Art paths to converge at Chadds Ford gallery

Former state trooper, sibling join forces for ‘Blues Brothers’ show

By Kathleen Brady SheaManaging Editor, The Times

“Winter Magic,” a watercolor by Glenn Blue, will be featured at the Chadds Ford Gallery starting Friday.

“Winter Magic,” a watercolor by Glenn Blue, will be featured at the Chadds Ford Gallery starting Friday.

For years, State Trooper Glenn E. Blue routinely patrolled communities throughout Chester County, an assignment that periodically brought him face-to-face with hardened criminals.

Blue was part of the posse that captured Norman Johnston, a four-time murderer who hacked his way out of a maximum-security prison in 1999. Blue’s appearance on television’s “America’s Most Wanted” in 1996 led to the conviction of Dennis L. Miller, a Chatham fugitive who had raped and murdered his wife in 1995. He was also one of the troopers dispatched to the Amish schoolhouse massacre in 2006.

Through it all, Blue found solace in painting, an avocation that eventually trumped his police work. Since his recent retirement, Blue, 52, has focused full time on his art, a path that his younger brother Bruce, 50, could emulate.

“En Pointe” by Bruce Blue will be included in the “Blues Brothers” art exhibit.

“En Pointe” by Bruce Blue will be included in the “Blues Brothers” art exhibit.

On Friday, the Chadds Ford Gallery will present “The Blues Brothers,” paintings in watercolor, oil and acrylic by Glenn and Bruce Blue. An opening public reception with refreshments will be held from 5 to 8 p.m.

Glenn Blue is now a regular at the gallery, where his evocative watercolors, many of which are softly infused with light, have proven popular. During a 2006 solo show, he sold more than half of the 47 works he displayed.

The brothers grew up in Montgomery County surrounded by art since both parents were high-school art teachers, but they took divergent paths, Glenn Blue said.  Bruce become an art major in college, then went to work in computer drafting. Glenn entered the military and later joined the state police, but continued taking private art lessons and workshops.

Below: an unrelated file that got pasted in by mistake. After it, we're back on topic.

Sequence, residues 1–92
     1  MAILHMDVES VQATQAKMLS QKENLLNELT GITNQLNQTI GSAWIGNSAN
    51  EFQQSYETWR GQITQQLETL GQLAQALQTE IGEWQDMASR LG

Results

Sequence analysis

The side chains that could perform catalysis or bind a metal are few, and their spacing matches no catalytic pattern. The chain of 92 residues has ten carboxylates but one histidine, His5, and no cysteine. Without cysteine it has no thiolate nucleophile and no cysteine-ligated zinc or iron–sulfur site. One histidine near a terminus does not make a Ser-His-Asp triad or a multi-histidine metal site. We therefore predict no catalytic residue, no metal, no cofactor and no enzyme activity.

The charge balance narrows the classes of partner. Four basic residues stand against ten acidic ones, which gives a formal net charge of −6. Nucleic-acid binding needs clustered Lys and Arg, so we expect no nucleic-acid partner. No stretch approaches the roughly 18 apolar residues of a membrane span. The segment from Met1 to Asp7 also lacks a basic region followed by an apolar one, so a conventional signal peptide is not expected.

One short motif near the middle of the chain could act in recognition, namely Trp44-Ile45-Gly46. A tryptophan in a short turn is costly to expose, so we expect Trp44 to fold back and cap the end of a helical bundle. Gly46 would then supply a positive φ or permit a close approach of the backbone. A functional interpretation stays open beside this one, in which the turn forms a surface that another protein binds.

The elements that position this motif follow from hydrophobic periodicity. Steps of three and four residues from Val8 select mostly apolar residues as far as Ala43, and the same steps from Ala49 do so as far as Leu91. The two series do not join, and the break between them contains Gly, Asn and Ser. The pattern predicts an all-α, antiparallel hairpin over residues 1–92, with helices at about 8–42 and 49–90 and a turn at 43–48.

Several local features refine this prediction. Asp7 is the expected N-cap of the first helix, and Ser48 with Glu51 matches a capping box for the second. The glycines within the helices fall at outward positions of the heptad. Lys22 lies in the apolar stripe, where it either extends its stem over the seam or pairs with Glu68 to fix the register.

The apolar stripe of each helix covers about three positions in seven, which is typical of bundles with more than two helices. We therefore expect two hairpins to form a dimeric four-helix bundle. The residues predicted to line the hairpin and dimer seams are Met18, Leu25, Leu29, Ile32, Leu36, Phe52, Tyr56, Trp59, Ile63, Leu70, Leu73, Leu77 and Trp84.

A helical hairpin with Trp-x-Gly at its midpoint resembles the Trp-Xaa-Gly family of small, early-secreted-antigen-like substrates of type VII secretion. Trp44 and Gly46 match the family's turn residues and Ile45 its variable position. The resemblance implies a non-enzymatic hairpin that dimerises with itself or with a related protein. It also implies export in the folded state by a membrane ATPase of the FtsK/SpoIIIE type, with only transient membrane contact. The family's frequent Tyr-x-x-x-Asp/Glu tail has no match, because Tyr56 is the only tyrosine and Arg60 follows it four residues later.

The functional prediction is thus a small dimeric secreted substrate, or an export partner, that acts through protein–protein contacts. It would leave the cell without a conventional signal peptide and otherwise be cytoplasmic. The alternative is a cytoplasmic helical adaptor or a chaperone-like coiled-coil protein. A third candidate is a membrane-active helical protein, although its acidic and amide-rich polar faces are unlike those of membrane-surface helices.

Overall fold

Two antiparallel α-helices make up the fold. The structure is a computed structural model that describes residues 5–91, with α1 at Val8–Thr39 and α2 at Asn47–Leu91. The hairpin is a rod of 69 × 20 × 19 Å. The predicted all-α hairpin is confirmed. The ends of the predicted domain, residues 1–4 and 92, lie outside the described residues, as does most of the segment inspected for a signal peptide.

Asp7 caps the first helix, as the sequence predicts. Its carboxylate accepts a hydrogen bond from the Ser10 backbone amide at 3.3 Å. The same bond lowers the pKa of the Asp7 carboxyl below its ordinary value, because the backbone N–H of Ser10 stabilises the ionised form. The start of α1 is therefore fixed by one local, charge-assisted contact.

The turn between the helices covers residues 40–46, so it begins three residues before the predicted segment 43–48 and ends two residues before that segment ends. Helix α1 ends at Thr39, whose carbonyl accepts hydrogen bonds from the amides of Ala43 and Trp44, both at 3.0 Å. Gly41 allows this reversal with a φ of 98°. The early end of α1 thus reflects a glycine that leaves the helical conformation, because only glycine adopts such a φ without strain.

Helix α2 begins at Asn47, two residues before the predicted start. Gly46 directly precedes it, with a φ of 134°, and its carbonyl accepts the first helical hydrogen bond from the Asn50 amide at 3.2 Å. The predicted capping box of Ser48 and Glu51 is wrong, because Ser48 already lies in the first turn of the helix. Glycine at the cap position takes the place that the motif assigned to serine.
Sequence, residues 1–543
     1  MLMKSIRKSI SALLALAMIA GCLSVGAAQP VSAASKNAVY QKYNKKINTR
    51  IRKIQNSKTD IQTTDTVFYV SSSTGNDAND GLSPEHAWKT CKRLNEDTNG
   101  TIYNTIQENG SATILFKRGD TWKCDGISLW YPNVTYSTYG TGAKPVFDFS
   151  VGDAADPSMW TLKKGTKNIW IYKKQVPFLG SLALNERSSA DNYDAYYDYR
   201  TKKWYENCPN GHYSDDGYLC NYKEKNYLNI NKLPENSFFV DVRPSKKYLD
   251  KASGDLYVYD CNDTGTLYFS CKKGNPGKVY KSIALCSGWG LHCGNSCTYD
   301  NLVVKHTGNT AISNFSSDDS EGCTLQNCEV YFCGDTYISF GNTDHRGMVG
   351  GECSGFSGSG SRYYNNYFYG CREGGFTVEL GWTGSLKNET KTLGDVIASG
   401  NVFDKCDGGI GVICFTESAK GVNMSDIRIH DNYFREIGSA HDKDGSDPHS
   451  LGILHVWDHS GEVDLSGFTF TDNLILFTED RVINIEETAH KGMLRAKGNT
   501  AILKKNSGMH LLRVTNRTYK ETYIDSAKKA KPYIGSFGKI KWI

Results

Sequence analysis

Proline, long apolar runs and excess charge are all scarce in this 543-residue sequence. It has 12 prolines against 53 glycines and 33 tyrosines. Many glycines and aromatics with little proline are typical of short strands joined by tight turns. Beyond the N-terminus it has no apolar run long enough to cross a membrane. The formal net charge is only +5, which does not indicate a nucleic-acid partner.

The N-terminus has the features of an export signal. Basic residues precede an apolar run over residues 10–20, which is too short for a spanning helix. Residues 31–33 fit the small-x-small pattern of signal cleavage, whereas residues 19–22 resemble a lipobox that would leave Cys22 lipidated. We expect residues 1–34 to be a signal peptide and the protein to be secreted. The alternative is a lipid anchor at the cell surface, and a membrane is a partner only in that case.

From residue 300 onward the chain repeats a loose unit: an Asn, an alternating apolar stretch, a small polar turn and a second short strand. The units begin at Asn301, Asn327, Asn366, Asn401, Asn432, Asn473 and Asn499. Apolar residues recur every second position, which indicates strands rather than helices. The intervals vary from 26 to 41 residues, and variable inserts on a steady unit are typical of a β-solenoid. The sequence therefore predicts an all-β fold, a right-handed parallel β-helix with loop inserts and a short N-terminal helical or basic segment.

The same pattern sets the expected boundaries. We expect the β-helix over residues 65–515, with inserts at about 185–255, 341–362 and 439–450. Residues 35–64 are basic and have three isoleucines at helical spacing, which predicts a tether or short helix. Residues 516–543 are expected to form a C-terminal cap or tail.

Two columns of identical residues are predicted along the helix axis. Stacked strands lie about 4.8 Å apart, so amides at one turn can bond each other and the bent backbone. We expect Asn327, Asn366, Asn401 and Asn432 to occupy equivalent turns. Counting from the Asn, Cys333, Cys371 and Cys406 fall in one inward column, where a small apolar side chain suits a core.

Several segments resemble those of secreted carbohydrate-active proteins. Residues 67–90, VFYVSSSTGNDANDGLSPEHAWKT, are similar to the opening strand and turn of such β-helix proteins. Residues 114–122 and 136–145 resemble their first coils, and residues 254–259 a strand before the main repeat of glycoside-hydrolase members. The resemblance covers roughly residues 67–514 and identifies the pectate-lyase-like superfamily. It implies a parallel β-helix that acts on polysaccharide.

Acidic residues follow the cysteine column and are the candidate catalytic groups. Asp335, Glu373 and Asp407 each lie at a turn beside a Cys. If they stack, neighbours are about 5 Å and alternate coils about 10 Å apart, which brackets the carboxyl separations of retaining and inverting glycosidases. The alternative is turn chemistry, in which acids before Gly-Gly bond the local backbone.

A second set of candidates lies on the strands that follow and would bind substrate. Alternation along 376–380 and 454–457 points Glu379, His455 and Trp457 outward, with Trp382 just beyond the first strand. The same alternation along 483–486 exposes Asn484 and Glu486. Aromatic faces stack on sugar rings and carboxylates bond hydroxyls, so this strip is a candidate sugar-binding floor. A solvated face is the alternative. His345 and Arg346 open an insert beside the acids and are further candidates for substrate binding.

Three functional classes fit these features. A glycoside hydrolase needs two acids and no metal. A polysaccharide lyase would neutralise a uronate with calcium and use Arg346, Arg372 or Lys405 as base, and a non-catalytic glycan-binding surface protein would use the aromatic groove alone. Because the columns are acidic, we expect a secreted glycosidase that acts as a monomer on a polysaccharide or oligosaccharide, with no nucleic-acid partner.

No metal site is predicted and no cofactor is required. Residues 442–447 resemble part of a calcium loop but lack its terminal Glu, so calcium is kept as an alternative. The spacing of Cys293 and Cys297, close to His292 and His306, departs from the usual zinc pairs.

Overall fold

Although Glenn Blue sold his first painting in high school, he said his art career didn’t begin accelerating until 2000, momentum that increased after he won acceptance into several juried shows and started garnering awards. He said his brother renewed his interest in art several years ago, taking a few private lessons and showing his work in a limited quantity.

“This Chadds Ford show will be Bruce’s professional debut and a chance for collectors to get in early on his work, which has been very limited and collectible,” Glenn Blue said. “Bruce’s paintings are diverse and emphasize classic foundations of painting.”

For more information on Glenn Blue’s work, visit The Chadds Ford Gallery, located at 1609 Baltimore Pike in Chadds Ford, is open Tursday through Saturday from 10 a.m. to 5 p.m. and Sunday from noon to 5 p.m. The Blues Brothers exhibit will continue through Feb. 24.


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Cole Pasha

After 10 years of teaching art, I have never done a weaving project. Usually the classroom teachers take care of this standard but I couldn’t help myself. Inspiration from Art For Small Hands was enough to push me to try this new medium. I loved it and so did the kids. I’m not going to lie, though. This project took a bit of investigating to see how to teach this project well. ,

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